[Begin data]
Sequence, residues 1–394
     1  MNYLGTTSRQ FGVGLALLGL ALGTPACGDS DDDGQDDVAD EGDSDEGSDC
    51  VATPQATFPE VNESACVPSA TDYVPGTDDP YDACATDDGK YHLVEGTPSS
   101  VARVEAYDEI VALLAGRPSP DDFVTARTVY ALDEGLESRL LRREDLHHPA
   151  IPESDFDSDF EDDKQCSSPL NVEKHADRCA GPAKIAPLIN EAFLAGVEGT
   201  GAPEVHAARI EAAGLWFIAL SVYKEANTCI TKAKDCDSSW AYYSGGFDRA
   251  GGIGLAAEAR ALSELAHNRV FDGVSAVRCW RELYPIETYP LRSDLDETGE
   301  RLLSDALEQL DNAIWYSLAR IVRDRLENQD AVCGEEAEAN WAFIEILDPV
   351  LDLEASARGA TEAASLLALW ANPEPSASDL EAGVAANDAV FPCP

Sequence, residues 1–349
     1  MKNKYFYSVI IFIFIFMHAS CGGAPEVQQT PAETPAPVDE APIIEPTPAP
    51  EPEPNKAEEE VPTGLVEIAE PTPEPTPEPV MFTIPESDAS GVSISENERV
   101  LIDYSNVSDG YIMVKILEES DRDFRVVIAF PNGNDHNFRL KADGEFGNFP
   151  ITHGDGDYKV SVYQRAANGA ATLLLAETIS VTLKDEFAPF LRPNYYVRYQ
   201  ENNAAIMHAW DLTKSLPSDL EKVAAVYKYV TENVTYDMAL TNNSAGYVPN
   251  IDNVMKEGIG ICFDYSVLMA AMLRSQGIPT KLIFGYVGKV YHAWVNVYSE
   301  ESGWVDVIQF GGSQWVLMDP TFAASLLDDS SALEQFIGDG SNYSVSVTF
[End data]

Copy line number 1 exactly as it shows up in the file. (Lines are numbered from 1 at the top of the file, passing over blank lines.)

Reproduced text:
Sequence, residues 1–394